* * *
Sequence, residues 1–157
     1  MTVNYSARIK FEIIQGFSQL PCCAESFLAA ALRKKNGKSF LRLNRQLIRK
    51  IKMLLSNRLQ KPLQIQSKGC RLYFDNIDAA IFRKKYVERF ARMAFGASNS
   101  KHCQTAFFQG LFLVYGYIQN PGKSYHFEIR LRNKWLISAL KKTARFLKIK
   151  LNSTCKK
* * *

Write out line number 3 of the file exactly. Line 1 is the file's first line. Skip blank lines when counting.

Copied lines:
    51  IKMLLSNRLQ KPLQIQSKGC RLYFDNIDAA IFRKKYVERF ARMAFGASNS